The relevancy of mouse models to human disease can be a harbinger of success for clinical trials.
However, the inherent differences in the types and levels of genes expressed in mice and humans is one of the main reasons clinical trials fail, note researchers in a report recently published in Stem Cell Reports.
To further examine the translational difficulties of research in mice to humans, specifically for Multiple Sclerosis (MS) research, the University at Buffalo researchers performed gene-expression analysis on differentiating human oligodendrocyte progenitor cells (OPCs) – a subtype of glial cells in the central nervous system.
“Currently, there is a large effort directed at the induction of oligodendrocytes by promoting differentiation Fraser Sim, PhD, associate professor, Neuroscience, Pharmacology and Toxicology, GGB, at the University at Buffalo told us. “[The research’s] results provide a resource to compare the pharmacological targets across species in an unbiased manner.”
The research was initiated to define similarities and differences between oligodendrocyte progenitor cell (OPC) differentiation in the human brain and in rodents, Sim noted.
“The rationale being that we need to model pathways and therapeutic targets that have the potential to work in humans and without this knowledge promising results in mouse studies may fail in the clinical setting due to these species differences,” he added.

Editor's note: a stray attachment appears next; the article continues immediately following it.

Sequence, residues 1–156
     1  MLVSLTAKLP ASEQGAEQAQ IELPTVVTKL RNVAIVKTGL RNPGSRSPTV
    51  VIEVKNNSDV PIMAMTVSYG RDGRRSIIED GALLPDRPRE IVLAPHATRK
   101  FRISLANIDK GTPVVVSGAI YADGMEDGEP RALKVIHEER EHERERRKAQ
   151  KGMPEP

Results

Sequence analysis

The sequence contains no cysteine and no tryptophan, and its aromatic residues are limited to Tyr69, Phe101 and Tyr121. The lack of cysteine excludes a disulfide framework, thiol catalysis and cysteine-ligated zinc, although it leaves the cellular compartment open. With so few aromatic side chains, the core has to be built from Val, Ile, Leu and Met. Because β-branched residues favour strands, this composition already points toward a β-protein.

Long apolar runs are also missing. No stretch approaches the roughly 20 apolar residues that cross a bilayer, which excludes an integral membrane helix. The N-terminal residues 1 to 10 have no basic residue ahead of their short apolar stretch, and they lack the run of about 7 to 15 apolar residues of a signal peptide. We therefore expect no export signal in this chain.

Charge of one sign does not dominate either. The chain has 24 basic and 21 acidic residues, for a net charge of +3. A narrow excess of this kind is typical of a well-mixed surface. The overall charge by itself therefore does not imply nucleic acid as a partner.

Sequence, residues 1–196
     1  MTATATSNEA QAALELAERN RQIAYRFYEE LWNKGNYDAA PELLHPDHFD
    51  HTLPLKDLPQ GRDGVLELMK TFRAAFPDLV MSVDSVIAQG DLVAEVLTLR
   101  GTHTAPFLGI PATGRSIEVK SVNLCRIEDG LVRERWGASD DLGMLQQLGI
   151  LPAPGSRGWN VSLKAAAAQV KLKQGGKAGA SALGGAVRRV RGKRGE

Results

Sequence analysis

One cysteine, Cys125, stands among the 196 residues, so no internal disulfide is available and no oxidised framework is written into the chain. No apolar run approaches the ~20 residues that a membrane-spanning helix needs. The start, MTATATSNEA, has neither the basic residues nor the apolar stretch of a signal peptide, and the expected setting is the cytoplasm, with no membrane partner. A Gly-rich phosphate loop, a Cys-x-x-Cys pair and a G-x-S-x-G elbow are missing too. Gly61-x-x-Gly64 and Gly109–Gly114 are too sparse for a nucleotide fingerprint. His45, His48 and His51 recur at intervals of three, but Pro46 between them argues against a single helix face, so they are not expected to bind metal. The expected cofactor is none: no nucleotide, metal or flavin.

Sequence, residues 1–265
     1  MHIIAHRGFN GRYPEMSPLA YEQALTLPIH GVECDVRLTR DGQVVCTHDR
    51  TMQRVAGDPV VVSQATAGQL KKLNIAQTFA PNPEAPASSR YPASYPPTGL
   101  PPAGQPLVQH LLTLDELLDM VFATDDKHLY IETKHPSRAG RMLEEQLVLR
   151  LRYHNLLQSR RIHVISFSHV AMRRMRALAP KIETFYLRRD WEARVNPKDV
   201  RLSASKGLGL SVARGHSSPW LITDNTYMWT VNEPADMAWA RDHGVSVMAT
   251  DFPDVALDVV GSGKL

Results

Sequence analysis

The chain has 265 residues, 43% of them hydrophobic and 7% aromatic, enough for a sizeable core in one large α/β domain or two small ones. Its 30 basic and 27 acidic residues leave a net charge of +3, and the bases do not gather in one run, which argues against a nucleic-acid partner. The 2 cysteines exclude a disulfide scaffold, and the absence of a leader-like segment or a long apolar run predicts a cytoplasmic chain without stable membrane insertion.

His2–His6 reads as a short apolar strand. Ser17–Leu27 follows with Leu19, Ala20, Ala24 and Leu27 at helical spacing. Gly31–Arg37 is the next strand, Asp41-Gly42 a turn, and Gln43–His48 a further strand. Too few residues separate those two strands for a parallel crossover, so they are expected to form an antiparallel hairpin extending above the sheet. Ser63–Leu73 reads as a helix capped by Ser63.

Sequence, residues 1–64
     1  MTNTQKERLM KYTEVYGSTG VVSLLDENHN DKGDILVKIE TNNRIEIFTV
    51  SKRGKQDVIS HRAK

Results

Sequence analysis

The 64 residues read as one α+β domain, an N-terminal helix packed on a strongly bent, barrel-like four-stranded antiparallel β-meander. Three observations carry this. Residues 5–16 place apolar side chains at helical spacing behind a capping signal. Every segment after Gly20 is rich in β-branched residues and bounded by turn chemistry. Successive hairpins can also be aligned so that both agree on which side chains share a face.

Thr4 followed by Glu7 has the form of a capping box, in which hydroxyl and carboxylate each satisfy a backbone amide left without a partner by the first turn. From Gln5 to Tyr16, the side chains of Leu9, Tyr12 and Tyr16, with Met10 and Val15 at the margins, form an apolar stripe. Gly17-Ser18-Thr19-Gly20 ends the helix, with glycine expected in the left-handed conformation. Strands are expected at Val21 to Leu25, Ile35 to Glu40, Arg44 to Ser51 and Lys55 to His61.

Results from the research form a database that Sim and others will use to determine whether genes of interest are shared between species, “and are expressed in a manner consistent with a role in both human and rodent OPC differentiation,” Sim explained.
Target identification and the BIA 10-2474 tragedy
The challenge of comparing pharmacological targets across species was also recently highlighted in the research following the Biotrial-run clinical trial of Bial Laboratory’s molecule, BIA 10-2474
The molecule was developed to inhibit the activity of fatty acid amide hydrolase (FAAH), an enzyme that when inhibited results in the accumulation of fatty acid amides.
However, an international group of researchers was able to determine that high doses of the molecule inhibited other related proteins. Steven Kushner from the Department of Psychiatry, Erasmus MC, and research lead, told us previously that the Bial compound had many other targets, in addition to FAAH and FAAH II.
“Our brain is dramatically different from that of animals,” he said, explaining there is reasons to believe that the cause of toxicity may be specific to humans, or at least distinct from the animals used in preclinical testing.
Ultimately, the researchers weren’t able to conclusively determine if the off-target proteins were the cause of the adverse events in the BIA 10-2474 clinical trial, but Kushner stressed the simple fact that human biology is inherently different from animals.